Anthony: UGM Inland Northwest is much more than simply a ministry for the homeless.  Choose just one aspect of the ministry that many folks aren’t aware of and tell me about that.

Phil: Well, I’ll pick the UGM Camp since our summer camping season has just ended. And what a beautiful summer it was with over 450 children attending and 143 making the decision to follow Christ.
Many people may not realize that we have 125 acres bordering the Spokane River out near Ford, Washington– where each summer we hold nine weeks of summer camp for children from low-income neighborhoods.

It’s a unique ministry for several reasons: 1) It’s free for the campers. The community provides sponsorships for just $89 per child; 2) We partner with local churches in these low-income neighborhoods to host the camp with UGM providing the facility, the food, the challenge course and basic staff – cook, nurse, lifeguards, etc. The church provides the counselors, the worship team and the work crew. In that way, they begin to build relationships with these children from their neighborhoods, and through the children, they often connect with the families, as well; 3) The church’s youth group often takes a good share of the responsibility, thereby learning a good deal about the gospel in action and how to minister outside the four walls of the church; 4) The public schools in the same neighborhoods have opened their doors to UGM and the churches to begin providing after-school programs, tutoring and relationship-building activities.

Finally, with a new Youth Outreach Director just beginning this fall, I’m excited to see what the future holds in terms of UGM’s ministry to youth.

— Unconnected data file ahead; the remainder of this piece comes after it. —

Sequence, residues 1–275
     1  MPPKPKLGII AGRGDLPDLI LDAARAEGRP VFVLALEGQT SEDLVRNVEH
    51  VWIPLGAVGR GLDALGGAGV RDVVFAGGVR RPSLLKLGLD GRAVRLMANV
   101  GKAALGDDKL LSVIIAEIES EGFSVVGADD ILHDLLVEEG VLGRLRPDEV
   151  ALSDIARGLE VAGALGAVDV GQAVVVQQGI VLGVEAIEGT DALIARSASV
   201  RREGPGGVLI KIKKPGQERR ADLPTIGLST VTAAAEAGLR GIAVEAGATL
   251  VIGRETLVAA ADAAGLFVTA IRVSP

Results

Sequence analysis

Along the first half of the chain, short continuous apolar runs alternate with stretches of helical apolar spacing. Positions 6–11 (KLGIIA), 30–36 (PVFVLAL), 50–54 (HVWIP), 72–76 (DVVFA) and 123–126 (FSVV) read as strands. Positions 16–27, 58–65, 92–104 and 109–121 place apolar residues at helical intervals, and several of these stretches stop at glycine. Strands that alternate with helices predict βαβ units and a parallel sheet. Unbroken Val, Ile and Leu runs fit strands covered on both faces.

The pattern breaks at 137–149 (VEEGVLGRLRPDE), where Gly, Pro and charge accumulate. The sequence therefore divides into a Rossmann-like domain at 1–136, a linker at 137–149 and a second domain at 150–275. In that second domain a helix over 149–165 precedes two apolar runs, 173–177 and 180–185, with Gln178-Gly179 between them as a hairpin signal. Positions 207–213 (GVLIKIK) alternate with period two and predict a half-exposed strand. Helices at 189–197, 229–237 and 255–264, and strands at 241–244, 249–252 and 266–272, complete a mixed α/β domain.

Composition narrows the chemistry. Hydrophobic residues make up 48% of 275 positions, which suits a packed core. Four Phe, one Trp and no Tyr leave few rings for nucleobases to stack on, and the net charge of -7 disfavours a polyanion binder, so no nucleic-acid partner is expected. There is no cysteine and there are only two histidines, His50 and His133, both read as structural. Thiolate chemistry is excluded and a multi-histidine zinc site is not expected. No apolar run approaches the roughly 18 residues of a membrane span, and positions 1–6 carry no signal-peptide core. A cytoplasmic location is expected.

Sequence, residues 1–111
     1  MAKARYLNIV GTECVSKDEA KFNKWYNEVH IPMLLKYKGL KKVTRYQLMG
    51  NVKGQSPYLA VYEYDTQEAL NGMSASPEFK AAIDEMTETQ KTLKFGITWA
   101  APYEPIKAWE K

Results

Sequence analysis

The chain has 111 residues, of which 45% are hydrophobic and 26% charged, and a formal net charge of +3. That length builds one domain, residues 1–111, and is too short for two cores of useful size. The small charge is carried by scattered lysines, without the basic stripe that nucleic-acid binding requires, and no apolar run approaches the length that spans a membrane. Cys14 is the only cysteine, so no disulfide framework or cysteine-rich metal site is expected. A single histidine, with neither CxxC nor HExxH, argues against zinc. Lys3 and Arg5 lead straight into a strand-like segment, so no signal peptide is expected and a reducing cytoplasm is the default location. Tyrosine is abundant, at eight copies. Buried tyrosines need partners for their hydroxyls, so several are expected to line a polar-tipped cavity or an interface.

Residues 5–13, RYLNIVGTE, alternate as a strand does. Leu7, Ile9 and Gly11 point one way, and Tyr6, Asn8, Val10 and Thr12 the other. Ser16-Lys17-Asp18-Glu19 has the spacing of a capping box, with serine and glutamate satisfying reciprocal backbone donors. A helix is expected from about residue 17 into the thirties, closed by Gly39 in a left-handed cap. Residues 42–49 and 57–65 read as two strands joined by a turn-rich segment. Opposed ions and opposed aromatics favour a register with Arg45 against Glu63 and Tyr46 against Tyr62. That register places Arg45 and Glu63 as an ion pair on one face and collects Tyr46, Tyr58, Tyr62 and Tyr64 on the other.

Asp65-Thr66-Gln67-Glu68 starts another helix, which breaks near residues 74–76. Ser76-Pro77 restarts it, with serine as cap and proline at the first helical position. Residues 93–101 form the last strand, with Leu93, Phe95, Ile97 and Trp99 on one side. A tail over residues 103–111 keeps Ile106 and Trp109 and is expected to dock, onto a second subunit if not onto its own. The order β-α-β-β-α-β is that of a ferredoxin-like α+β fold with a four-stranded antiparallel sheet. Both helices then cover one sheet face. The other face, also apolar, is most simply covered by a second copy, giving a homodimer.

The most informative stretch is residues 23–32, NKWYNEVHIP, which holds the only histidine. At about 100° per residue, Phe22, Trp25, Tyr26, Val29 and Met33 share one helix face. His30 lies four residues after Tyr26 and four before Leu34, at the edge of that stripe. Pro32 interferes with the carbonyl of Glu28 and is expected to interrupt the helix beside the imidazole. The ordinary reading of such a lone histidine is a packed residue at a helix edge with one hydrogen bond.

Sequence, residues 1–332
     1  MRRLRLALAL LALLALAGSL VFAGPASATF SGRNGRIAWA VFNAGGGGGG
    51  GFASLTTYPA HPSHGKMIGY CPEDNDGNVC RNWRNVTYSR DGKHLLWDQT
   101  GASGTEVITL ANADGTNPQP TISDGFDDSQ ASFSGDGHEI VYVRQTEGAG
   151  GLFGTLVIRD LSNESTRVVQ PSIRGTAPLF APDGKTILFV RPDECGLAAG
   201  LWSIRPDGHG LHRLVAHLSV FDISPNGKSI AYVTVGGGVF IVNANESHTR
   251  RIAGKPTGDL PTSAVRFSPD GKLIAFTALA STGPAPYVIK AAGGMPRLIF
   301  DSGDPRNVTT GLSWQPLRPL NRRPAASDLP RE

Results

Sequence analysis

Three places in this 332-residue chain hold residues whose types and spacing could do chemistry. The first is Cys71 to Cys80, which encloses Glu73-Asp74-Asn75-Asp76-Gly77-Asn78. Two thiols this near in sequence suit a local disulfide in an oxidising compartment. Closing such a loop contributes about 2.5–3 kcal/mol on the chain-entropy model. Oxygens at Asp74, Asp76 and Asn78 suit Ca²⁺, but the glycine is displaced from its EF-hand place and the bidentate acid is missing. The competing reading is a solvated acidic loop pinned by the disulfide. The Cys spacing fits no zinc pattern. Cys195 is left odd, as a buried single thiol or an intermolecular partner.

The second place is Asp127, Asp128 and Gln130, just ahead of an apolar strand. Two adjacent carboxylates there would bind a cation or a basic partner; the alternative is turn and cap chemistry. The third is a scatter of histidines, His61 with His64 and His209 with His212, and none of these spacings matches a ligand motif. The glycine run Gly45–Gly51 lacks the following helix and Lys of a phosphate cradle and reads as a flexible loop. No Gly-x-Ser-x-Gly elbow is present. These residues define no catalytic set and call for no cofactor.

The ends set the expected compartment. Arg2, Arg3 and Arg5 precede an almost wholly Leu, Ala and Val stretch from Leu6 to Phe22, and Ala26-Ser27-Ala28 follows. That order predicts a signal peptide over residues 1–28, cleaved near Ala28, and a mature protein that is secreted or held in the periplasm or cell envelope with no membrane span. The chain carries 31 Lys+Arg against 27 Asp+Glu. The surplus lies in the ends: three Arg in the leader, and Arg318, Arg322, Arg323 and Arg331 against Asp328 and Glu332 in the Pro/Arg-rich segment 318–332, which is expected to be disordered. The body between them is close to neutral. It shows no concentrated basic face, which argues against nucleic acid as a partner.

(Editor’s Note: Welcome to Ryan Brown, UGM Youth Outreach Director!)

Anthony: Tell us what your goals are for UGM Inland Northwest, say 5-10 years out?

Phil: Well, our most immediate goal is to build a new Crisis Shelter for Women & Children here in Spokane.  The current facility, an old Budget Saver motel built in the 1950s, is bursting at the seams. And, while time and again women tell us that the message on the marquee is really true – “Hope starts here” – we want to build a new, larger facility consistent in quality and feel with our other shelters. The new facility will have wheelchair accessible rooms, a designated childcare area, classrooms, a computer lab, a commercial kitchen and dining area.

With the extension of Martin Luther King, Jr. Blvd, we also have plans to expand the Trent facility into more of a campus.

Anthony: Do you have an estimate of how many volunteers work at your various facilities in any given week?

Phil: Well, between Spokane and Coeur d’Alene, we have over 600 high-impact volunteers. These are men and women committed for the long-term and serving an average of 4 hours per week in a whole host of capacities: dentists, doctors, nurses, lawyers, receptionists, tutors, mentors, auto mechanics, counselors, cooks…Pretty much, you name an area of the ministry, and we’ve got volunteers serving there in some capacity.

Anthony: Thanks Phil.  One last question: I know your ministry is incredibly diverse and you have many places to plug in volunteers.  What are your most pressing volunteer needs?

Phil: One of our most pressing volunteer needs at present is for mature Christians to serve as mentors for the men and women coming out of our recovery programs. Recovery residents often speak of experiencing a sense of family for the first time. Then, after 18 months to 2 years, they must leave that newfound community. The transition back into society — even for a strong, healthy program graduate — can be extremely difficult.

Mentors walk alongside our people through the transition – helping them find a church or open a checking account, discussing job possibilities or childcare options, praying with and for them. Basically, being a friend.

If that sounds like something your readers might be interested in, they can learn more on our website – uniongospelmission.org/aftercare – or call 509.535.8510.

 

 

Q & A with Phil Altmeyer – UGM Inland Northwest